There are three quality costs (prevention cost, appraisal cost and failure cost). Their degree of cost to an organisation is also in that rising order. So, it is wise to prevent and appraise than to rework or lose credibility if your product, people or brand lose credibility in the eyes of the customer. In other words, if you don’t have time or money to do it well, then you’d need more money to apologise and even do it again. The smart alternative to rework is to ensure it doesn’t even fail the first time by making it failure proof. It is less costly. But, yes, all forms of quality management. But that of poor quality is costlier.
Phil Crosby popularised the concept of the cost of poor quality, advocated prevention over inspection and “zero defects,” and defined quality as conformance to specification (project produces what it was created to produce). Defining requirements or ensuring continuous flow is good but not strictly part of error proofing. Coined in the 1960s in Japan, Poka-Yoke means “Fool- Proofing”. It is a tool used to avoid inadvertent errors. The main premise of the tool is to ensure that proper conditions are placed for every process step such that there is no room for the occurrence of defects while executing. In other cases, it serves as a detector and it helps to eliminate the defects as early as possible. Poka-Yoke is a vital tool in lean and excellent manufacturing since it helps the people and work processes work in the right fashion for the very first time. It helps to eliminate defects out of the processes and the products.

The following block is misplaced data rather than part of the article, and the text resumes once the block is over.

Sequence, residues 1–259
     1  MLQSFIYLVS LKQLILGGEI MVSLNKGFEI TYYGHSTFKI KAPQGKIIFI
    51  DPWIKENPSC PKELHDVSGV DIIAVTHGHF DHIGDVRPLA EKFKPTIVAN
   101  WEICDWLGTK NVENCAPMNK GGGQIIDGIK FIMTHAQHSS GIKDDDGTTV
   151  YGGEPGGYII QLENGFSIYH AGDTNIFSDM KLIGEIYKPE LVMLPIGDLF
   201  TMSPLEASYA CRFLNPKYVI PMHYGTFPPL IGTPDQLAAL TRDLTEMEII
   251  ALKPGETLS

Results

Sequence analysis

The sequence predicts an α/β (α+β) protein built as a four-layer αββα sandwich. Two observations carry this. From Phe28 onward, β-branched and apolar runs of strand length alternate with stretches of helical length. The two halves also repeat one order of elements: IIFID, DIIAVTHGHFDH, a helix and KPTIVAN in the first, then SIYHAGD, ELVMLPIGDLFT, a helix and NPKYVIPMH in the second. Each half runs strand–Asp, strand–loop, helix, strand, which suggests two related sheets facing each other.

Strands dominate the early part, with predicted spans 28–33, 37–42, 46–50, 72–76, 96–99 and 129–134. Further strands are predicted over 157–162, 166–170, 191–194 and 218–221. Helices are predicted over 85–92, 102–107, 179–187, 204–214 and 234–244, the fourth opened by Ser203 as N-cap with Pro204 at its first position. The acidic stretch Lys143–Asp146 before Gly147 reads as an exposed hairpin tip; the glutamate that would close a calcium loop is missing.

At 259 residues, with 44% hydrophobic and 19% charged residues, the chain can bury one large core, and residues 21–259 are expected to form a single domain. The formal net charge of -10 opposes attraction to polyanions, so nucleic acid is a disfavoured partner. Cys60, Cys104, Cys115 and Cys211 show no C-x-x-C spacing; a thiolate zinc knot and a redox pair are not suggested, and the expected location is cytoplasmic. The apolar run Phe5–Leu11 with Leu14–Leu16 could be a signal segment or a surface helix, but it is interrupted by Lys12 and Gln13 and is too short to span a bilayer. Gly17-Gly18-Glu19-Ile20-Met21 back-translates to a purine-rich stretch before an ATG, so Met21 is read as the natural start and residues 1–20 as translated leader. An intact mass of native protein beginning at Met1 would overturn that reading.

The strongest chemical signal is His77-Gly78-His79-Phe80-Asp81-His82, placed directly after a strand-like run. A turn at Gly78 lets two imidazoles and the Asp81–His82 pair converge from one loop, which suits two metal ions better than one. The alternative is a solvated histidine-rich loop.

Furthermore, it improves the quality and reliability of outputs. It is worthy to note that it does mitigate both the mechanical as well as human errors from the work processes and products.
To deliver on the culture of Poka-Yoke, consider these concepts: